“Reason” in German Enlightenment Philosophy

Social Sciences in China (Chinese Edition)

No. 1, 2022


“Reason” in German Enlightenment Philosophy



Zhang Renzhi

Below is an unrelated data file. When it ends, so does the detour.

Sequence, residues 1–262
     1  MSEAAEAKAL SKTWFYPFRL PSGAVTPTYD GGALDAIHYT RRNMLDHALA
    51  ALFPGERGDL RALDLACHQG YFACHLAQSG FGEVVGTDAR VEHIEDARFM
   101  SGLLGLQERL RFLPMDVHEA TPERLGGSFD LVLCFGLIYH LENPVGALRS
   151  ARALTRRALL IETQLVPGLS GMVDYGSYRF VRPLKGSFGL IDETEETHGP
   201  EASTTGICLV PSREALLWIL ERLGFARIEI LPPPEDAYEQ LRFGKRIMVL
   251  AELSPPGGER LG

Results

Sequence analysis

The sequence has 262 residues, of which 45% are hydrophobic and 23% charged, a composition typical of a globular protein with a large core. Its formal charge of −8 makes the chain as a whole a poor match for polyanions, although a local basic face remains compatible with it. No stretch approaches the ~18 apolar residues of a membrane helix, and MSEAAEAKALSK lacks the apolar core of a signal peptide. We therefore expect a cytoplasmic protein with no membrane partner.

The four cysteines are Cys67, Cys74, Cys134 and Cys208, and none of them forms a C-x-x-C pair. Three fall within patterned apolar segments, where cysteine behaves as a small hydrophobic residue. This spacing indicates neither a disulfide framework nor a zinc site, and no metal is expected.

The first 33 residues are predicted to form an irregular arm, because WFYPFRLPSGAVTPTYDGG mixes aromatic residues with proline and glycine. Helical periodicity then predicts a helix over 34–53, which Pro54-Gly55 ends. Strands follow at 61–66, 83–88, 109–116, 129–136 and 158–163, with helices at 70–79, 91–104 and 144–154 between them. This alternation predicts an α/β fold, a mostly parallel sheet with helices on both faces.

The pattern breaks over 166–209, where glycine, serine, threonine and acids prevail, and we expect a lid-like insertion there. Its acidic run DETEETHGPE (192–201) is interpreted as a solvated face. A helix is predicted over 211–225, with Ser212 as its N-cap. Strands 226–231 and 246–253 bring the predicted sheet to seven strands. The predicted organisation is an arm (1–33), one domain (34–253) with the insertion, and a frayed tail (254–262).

Under the influence of English philosophy, the second stage of German Enlightenment philosophy was pluralistic, and this intellectual setting constituted the intellectual realm in which Kant’s critical philosophy emerged and developed. At this stage, resort to “common sense reason” was the major consensus of German Enlightenment philosophers, and it was through the critique and review of such “common sense reason” that Kant developed his critical philosophy; at the same time, it constituted the self-reflection of the German Enlightenment. Clarification of the relationship between “common sense reason” and “critical reason” was not only a core issue at this stage of German Enlightenment philosophy, but also the intellectual source of the development of Kant’s critical philosophy. The central questions of Kant’s critical philosophy were answered in his successive debates with the English and German empiricists (the Scottish School of Common Sense and the German Populrphilosophie). In German Enlightenment philosophy, reason was both (or primarily) a Probirstein (a touchstone, or common sense reason), and (or more importantly) a Kompaβ (a compass, or critical reason).